So if you do a blog about trees, and you buy a real Christmas tree, I think it’s pretty much a law that you have to blog about your tree.
The origin and significance of Christmas trees is somewhat of a mystery to me. I have to admit that while I was in Sunday School, I wasn’t always paying 100% attention, but I really don’t remember the part where Jesus told the Pharisees to start decorating trees. I’ve even searched the online bible for the word “conifer”, with no success.
Tangent: I was raised in the Greek Orthodox church, which is just weird and irrational enough to forever turn you off to organized religion, without being quite creepy or bizarre enough to permanently scar you.
My siblings and I, who are 2nd-generation, ¼, Greek-Americans (our grandfather emigrated from Cyprus in the 1920’s) are probably listed in some government file in Athens as the Lamest Greek-Americans Ever. None of us ever really knew what the hell was going on during the rather cryptic and incense-filled church liturgies, in part because none of us understood Greek. (Actual pic of our old church in Lexington, MA, below left. I swear you can find a pic of anything on the web nowadays…)This wasn’t for lack of trying on the part of my parents; for 6 years, 1 day a week after school, we attended Greek lessons. So that’s 312, 90-minute lessons, or 468 hours of Greek language study. It never stuck. About 5 or 6 years ago, my sister- let’s call her, ”Elizabeth”- and I were having dinner in a Chicago restaurant, and decided to list all the Greek words we still remembered. We came up with 5 words: the words for “Money”, “Tip”, “Prostitute”, “Shut up”, and another word for “Shut up.” (Apparently telling people to “Shut up” holds a place in the Greek language analogous to “snow” in the Inuit language; an activity of such frequency and vital importance that there are like 20 different words for it…) If I ever make it to Greece I’ll try to work all five into a sentence.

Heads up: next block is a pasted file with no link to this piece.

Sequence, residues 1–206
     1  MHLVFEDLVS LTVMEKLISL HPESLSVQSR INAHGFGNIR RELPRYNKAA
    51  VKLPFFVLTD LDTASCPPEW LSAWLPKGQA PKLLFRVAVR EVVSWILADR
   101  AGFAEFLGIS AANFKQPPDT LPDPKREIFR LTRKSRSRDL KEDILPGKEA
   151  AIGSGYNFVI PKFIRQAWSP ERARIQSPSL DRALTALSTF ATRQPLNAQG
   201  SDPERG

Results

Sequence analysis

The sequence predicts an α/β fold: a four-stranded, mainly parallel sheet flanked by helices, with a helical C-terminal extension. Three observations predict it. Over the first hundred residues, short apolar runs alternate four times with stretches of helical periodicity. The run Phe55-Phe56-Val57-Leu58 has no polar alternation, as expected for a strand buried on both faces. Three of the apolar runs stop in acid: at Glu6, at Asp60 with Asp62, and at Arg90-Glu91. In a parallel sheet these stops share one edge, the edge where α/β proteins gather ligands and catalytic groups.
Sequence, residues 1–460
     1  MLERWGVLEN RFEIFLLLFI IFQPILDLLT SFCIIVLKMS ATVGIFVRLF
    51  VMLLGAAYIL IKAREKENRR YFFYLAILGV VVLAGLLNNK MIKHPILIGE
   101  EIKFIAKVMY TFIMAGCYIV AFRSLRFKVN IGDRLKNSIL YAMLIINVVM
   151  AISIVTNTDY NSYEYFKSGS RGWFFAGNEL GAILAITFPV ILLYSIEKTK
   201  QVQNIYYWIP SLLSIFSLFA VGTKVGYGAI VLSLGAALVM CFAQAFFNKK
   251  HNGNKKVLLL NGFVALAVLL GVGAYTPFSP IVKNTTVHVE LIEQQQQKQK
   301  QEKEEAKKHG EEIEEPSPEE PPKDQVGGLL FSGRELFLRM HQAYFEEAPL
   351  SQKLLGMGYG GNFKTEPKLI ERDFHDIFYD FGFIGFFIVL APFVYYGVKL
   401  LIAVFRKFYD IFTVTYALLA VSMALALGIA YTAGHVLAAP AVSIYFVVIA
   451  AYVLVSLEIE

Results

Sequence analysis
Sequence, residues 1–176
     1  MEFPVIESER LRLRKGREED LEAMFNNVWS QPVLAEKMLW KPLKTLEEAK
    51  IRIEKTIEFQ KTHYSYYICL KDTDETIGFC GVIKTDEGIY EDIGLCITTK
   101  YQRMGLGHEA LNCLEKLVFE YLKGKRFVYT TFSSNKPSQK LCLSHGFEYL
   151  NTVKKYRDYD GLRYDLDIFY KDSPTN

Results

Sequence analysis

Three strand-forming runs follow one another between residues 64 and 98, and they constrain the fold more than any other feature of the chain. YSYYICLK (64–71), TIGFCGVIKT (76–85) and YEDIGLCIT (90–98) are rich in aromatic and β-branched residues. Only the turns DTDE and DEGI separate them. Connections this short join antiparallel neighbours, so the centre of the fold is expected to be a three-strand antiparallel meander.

However it got started, we’re a Tree Family, and by a Tree Family, I mean a Real Tree, not a Fake Tree. I am a complete Real Tree snob. To me, getting the “Christmas Tree Feel” from a fake tree is like achieving happiness through illegal drugs. I am like the Nancy Reagan of aluminum trees: Just Say No. I recognize that buying a Real Tree involves a whole lot of plantation-style growing and cutting- oops I mean “harvesting”- of trees, but it’s gotta be a lot lesser impact on the environment than making millions of aluminum trees that archeologists will be digging up 100,000 years from now.